How to design a room for a teenager


Published: Thu 26 Mar 2020, 11:00 PM

Last updated: Thu 1 Jul 2021, 3:59 PM

Teenage times are very unusual times in one's life - you're old enough to take on more responsibility, but too young to have any credibility. It is a time of transition from one stage of life to the other, a time when a lot of young adults have a challenging time fitting into their roles in society. At this seemingly anxious junction in their lives, their rooms become their sanctuaries; a place where they can escape the confusing and conforming world of grown-ups. It is not only a room, it's an extension of their personality - a three-dimensional space where they can express their identity. It's a place that houses their childhood nostalgia and their dreams for future; it's a reflection of how they see themselves in an ever-changing world.
#Flex(-ability) in space
A teenager's bedroom is more than just a space to sleep. As they begin exploring their independence, having a space where they can hang out, study and lounge with friends is almost as important as sleep. A teenager's bedroom is their private domain - it is a bedroom, a study room, and a social gathering area all rolled into one. A self-contained unit of sorts, a home within a home. Fitting all these areas in a room would be a creative challenge, and when designing such a room, understanding their needs and usage is paramount. An integrated study with shelving and storage to save up on space. A corkboard to hang their trending polaroid photos or magnetic dry erase walls can be used to effectively manage academic resources. A small bench by the bedside or by the windowsill can be used as space for lounging when they have company or even open shelving to showcase some cool kicks.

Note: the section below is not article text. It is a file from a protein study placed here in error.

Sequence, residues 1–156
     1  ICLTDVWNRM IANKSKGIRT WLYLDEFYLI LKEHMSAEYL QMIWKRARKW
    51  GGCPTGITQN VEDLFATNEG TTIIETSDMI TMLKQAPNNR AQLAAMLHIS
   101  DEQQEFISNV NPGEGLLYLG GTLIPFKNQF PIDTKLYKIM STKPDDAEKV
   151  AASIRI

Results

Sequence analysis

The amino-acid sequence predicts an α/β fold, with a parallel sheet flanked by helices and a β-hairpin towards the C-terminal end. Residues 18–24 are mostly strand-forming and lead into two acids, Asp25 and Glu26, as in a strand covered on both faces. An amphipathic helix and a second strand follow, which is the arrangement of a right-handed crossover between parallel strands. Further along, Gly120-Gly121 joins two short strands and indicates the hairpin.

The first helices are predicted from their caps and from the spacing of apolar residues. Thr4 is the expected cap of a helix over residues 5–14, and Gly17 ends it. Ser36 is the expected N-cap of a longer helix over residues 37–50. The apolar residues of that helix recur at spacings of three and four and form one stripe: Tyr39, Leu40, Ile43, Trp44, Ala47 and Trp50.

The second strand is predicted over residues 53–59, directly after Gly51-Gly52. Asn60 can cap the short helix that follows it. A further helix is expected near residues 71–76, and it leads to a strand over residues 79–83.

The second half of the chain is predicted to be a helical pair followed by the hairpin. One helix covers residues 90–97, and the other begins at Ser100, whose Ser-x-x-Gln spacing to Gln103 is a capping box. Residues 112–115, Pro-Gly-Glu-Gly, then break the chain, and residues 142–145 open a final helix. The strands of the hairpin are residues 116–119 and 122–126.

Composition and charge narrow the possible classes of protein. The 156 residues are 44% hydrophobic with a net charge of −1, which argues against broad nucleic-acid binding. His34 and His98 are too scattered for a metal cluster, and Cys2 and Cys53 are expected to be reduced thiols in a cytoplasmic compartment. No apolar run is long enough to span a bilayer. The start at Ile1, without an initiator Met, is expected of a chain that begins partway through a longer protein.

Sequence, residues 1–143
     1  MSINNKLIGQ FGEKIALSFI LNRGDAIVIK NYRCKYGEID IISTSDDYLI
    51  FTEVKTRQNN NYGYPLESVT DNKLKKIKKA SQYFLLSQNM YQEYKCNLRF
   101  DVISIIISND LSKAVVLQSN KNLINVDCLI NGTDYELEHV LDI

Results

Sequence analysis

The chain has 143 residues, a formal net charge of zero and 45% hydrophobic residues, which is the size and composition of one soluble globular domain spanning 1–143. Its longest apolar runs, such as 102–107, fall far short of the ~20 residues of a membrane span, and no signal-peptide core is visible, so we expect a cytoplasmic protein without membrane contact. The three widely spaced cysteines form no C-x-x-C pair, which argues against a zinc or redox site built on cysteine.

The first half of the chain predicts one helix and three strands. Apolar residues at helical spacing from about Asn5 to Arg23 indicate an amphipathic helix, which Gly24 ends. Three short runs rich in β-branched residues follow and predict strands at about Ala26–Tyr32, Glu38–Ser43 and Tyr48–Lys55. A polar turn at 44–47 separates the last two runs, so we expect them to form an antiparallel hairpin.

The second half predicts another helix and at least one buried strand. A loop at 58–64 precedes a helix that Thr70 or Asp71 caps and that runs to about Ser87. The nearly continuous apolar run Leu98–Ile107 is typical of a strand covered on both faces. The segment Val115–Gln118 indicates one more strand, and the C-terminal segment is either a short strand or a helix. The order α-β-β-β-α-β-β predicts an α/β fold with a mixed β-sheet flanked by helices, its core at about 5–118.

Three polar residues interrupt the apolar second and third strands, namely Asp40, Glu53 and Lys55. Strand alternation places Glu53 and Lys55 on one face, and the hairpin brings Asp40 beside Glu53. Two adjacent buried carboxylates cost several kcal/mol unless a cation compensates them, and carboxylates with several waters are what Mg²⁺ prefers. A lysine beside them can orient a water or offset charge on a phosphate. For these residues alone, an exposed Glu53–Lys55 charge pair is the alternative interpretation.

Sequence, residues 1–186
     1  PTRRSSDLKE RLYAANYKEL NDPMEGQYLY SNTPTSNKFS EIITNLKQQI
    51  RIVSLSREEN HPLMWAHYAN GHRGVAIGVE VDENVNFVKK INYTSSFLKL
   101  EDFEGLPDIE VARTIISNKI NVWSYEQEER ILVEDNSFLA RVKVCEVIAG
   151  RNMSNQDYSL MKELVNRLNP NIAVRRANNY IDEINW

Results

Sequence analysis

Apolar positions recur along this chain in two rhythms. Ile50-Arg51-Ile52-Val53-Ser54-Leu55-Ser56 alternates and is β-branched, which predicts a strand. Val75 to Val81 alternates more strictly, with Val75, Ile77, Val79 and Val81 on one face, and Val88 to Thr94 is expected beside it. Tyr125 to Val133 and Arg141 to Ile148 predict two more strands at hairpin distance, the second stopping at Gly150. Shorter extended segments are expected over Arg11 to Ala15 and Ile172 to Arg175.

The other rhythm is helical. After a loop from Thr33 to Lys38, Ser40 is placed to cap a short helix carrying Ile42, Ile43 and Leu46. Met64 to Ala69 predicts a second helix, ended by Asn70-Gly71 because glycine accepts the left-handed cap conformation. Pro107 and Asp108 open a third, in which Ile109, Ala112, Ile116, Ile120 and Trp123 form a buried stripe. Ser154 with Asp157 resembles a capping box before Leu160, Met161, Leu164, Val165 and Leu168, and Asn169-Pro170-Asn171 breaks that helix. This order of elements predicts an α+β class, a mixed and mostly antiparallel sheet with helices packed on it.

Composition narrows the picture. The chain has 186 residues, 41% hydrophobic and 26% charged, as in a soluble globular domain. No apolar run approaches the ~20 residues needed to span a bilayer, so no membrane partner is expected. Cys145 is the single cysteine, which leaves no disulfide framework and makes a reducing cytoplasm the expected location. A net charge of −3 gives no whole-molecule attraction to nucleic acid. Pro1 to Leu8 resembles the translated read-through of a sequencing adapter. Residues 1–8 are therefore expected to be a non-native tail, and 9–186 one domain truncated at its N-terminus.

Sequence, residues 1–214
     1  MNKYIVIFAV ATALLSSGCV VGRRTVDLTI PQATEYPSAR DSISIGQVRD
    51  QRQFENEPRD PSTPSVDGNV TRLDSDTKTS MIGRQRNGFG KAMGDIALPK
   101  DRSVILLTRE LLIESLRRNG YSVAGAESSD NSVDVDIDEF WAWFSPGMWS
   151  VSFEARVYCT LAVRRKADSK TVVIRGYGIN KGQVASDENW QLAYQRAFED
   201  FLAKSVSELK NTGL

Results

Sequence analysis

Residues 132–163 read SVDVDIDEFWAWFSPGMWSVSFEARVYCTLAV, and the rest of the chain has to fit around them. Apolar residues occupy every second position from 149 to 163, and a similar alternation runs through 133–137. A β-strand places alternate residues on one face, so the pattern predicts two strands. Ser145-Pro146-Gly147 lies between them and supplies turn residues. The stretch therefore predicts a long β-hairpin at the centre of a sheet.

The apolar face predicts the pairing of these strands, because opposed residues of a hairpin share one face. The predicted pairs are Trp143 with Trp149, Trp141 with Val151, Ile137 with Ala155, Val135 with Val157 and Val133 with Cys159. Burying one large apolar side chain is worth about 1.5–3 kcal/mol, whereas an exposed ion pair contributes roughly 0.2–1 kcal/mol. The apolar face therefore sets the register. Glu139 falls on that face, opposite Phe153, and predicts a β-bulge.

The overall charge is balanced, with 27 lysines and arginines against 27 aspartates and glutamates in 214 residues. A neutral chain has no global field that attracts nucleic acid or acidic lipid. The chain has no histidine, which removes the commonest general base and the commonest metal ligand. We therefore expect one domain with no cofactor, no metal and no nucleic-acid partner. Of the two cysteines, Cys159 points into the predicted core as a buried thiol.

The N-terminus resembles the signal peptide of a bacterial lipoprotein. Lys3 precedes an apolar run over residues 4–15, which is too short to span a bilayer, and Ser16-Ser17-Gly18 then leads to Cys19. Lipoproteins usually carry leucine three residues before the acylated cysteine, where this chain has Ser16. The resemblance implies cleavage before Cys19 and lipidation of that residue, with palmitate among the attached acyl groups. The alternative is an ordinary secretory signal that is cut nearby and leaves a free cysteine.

Design trends
Teenage room design used to be more gender-conformed back in the day with stereotypes, and pinks and blues leading the way. In today's time, however, these lines are blurred with increasing exposure to social media, open dialogue between functionality and design and a stronger sense of independence in young adults. Teenagers today prefer utility blended with an expression of their personality. Japanese and Scandinavian minimalism are preferred design styles that achieve both these goals along with a dash of graphics and prints that break the space. But let's be real, teenagers and organised rooms are a rare combination - for their evolving needs, we should consider smart storage options, dressers, shelving, under-bed storage bins, storage benches and ottomans. Your teenager may still be finding his or her feet in the world, but their room should inspire confidence and reflect the comfort they need to grow into happy adults.

By Mihir Sanganee, Design Director, Designsmith

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